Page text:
»In our micro-physiological model of neuromuscular circuits, the contraction velocity of myofibers reflect the motor function. As we have shown in our paper, inhibition of TGFβ signalling restored motor function in DMD neuromuscular circuits. Thus, our micro-physiological model can be used to de-risk and prioritise potential therapeutics at the pre-clinical stage of the drug development process,« says Yung-Yao Lin.
The model is a drug screening platform for DMD
However, the optogenetic model of DMD can also be used to study the pathophysiology of DMD myofibers and identify potential therapeutic targets. In their paper, Yung-Yao Lin and his co-workers used it to elucidate the role of TGFβ signalling.
»Previous studies have shown that TGFβ signalling regulates skeletal muscle homeostasis and that TGFβ signalling is abnormally upregulated in DMD skeletal muscle. Nevertheless, the role of TGFβ signalling in neuromuscular connectivity remains unclear. Our study found that genes regulating neuromuscular junction assembly and axon guidance were dysregulated in DMD myogenic cultures. However, inhibition of TGFβ signalling normalises the expression of many of these genes leading to a beneficial effect for motor function,« explains Amaia Paredes-Redondo.
This was shown by applying the selective inhibitor of TGFβ signalling, SB-431542, to myofibers in the optogenetic model. The treatment had no effect in CRISPR-corrected myofibers, while SB-431542 treatment in un-corrected, mutated myofibers increased contraction velocity significantly. Furthermore, the research team used the human neuromuscular circuit co-cultures to develop a 96-well high-content imaging-compatible drug screening platform for DMD cellular phenotypes.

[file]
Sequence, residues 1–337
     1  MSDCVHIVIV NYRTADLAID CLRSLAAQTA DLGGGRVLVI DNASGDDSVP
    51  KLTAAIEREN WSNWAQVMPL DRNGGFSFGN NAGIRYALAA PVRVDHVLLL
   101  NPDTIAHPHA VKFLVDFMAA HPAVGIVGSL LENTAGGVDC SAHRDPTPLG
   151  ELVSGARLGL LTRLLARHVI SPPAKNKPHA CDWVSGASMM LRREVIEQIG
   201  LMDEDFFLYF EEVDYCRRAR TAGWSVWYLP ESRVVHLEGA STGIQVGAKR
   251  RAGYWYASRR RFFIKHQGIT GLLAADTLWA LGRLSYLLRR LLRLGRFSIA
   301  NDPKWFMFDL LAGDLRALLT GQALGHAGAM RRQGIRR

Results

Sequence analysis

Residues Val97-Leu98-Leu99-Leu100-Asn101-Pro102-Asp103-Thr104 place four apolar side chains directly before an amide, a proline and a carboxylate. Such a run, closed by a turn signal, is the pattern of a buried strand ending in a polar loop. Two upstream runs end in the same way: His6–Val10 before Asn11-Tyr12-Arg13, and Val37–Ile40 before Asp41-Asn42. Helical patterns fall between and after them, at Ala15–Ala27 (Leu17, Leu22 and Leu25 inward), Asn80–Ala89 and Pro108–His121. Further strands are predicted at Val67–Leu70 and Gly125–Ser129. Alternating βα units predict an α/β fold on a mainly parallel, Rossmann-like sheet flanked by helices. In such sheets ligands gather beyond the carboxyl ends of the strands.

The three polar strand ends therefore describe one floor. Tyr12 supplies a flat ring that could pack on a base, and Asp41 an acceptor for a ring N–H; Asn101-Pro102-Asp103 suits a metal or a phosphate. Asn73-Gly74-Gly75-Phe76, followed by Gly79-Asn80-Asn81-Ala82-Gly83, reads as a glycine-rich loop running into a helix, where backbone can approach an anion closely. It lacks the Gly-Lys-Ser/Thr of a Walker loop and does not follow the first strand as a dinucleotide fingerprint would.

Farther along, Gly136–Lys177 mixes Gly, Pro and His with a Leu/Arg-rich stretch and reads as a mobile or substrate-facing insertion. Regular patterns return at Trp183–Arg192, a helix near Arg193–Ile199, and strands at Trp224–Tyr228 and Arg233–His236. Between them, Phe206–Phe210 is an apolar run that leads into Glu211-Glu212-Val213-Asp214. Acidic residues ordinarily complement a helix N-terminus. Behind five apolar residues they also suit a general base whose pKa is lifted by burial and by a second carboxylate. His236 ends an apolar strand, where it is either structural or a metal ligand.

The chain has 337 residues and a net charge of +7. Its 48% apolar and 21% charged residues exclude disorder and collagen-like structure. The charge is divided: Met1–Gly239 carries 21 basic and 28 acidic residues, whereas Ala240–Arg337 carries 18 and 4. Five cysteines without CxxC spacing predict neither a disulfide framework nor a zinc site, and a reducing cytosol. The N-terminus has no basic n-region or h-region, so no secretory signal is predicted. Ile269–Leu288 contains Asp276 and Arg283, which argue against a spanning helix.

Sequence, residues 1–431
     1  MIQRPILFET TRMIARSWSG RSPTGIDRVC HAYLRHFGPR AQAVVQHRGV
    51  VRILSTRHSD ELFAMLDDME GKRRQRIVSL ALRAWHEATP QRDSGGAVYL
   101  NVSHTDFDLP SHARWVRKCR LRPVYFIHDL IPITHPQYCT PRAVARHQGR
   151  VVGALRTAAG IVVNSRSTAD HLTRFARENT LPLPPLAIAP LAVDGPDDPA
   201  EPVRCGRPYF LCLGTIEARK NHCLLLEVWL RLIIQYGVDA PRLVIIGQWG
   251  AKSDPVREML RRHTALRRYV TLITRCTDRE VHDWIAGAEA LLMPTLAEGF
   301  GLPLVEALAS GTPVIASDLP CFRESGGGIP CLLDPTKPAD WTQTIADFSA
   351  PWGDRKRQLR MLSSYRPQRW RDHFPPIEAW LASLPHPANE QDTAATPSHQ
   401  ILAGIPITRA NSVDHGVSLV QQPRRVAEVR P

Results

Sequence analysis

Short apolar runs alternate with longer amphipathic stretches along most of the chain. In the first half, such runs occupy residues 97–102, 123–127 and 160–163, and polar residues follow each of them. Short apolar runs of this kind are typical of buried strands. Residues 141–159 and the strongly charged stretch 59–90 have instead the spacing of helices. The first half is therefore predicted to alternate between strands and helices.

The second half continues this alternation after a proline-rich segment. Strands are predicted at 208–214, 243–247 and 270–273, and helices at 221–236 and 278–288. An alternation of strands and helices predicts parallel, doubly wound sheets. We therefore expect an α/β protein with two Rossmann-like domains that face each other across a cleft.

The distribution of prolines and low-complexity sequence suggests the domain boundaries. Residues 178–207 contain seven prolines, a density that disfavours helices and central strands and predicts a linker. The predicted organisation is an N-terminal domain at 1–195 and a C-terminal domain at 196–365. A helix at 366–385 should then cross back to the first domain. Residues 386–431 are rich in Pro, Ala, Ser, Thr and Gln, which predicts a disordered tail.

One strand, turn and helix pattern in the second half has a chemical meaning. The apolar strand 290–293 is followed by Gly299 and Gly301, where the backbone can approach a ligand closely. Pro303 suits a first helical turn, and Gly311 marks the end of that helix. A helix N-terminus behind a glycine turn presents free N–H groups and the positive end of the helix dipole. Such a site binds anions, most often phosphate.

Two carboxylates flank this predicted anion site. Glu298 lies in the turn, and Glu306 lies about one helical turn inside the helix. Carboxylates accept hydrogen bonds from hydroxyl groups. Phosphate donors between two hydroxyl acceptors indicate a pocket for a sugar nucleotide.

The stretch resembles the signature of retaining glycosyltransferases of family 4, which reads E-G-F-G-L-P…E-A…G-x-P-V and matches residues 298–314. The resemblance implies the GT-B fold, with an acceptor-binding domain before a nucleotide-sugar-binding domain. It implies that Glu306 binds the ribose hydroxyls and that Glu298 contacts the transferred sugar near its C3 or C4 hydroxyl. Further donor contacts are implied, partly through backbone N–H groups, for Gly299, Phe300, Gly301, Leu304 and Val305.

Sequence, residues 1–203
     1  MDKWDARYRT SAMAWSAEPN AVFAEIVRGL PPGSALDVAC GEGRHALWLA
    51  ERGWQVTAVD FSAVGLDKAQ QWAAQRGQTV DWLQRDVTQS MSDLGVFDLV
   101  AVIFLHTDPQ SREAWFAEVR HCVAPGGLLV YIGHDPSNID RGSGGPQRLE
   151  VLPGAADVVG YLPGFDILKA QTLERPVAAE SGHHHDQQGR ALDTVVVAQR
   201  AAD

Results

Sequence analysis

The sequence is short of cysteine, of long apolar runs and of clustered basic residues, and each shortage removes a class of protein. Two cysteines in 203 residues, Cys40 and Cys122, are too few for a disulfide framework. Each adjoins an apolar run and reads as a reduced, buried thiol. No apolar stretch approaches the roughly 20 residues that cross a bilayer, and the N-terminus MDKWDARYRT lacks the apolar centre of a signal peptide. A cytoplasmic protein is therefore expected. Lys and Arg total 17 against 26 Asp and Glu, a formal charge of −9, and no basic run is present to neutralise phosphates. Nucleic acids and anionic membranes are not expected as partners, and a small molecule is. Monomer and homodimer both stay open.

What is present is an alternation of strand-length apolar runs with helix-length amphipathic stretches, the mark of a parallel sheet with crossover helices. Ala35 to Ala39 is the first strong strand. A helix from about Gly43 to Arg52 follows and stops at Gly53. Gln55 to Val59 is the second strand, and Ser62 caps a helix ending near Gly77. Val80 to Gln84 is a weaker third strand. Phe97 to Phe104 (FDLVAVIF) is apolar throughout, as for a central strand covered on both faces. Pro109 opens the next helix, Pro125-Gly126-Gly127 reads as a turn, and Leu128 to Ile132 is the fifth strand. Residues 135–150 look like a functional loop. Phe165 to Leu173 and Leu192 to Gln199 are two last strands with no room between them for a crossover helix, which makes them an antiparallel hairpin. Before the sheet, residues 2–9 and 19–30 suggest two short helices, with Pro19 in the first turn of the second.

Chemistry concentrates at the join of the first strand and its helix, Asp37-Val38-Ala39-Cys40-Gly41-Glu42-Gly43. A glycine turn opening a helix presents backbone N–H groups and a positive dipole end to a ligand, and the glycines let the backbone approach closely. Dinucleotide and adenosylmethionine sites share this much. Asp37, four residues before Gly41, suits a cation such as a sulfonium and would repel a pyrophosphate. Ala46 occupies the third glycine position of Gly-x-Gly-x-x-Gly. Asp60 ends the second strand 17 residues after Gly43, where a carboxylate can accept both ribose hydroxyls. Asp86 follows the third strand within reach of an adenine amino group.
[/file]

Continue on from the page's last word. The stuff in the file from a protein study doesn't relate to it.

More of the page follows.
CRISPR plays an integral part in DMD research and therapy
»Our study provides a novel human micro-physiological neuromuscular model for studying neuromuscular defects in DMD and evaluating drug candidates or CRISPR-based therapeutics. Furthermore, our findings suggest that enhancing neuromuscular connectivity may be an effective therapeutic strategy,« concludes Yung-Yao Lin.
“I believe that novel CRISPR technologies hold great promise in developing future medicine”Yung-Yao Lin
He points out that CRISPR can not only be used as a curative tool in DMD but also as a valuable technology for developing other treatments:
»Without CRISPR-based genome editing, it would have been difficult and time-consuming to generate an isogenic control in our study. The current development of CRISPR-based technologies has been very rapid and innovative. I believe that novel CRISPR technologies hold great promise in developing future medicine.«
Link to the original article in Science Advances: